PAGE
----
The piece turned out to be more “in your face” than you might expect for a work on repentance, but true repentance can come with a great deal of soul searching, spiritually gut wrenching “in your face” moments, so I’m okay with it.

Monday, October 8, 2012

Music and Consciousness

I miss composing. I really do. I've gone back to school and, between my day job, school, and family responsibilities, there’s not much time to make music. It sucks.

The stress mounts each day I'm unable to make music. A little time with my piano or guitar can be helpful, but I really need at least 2 hours a day to make me happy. When I'm composing music, I lose track of time. I believe my consciousness enters a different state where my focus precludes the passage of time and nearly everything else.

Performers often experience this loss of time, as well. When a work is mastered and performed well, so that the performer can stop worrying about technical issues and focus on the musical expression, something subtle changes in the mind. The fingers know which keys to press, the lungs when to breathe and the attention is focused on the emotional energy and musical thought. The performer, instrument, and music become as one.

The experience is truly amazing. Recently I was able to play one of Chopin’s Nocturnes nearly perfectly, for the first time. Sure, I made a few minor mistakes early on, but overall it was a decent performance. There are a few scale-like runs in the right hand that I had struggled with. That evening I rendered them flawlessly. Everyone else was in bed. I had the living room to myself. The house was quiet. As the last notes faded into silence, my consciousness came back to the room. A feeling of peace flooded through me. I held onto that sense of “rightness” as long as I could, but of course, it left me as the requirements of living returned.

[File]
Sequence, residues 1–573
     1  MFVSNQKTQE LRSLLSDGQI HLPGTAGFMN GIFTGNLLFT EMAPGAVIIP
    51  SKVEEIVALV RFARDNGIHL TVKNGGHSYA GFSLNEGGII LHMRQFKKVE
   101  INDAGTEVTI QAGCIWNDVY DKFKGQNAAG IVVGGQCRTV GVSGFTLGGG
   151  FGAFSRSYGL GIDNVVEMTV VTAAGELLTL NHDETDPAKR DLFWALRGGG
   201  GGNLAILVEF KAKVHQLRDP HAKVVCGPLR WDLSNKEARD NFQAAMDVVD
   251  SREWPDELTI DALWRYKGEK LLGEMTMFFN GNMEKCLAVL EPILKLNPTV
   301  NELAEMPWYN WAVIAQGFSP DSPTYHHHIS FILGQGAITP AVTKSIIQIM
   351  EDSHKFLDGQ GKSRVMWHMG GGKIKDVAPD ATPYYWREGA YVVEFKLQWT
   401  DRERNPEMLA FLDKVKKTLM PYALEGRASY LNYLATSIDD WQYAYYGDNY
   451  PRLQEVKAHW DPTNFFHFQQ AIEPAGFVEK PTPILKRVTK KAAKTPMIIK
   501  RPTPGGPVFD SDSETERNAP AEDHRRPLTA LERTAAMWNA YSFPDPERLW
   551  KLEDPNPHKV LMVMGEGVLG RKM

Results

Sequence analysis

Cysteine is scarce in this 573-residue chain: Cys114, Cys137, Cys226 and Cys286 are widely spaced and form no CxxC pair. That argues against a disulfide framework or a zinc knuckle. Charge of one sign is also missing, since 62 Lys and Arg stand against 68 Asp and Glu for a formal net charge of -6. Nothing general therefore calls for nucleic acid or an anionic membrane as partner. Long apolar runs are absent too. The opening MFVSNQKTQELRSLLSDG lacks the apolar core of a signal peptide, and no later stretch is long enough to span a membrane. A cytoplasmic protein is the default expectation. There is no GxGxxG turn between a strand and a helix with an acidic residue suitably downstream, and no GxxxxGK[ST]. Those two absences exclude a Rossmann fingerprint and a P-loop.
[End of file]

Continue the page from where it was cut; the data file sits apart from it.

In light of that experience, and many similar ones, I've started wondering about the nature of music, and consciousness. The experience was not unlike being in deep meditation, leading me to wonder if creating this kind of music may be a similar activity. All acts of creation may share these similar consciousness changing traits.

This sounds like a research project to me.

Thursday, August 25, 2011

Music Video - Thanksgiving Partita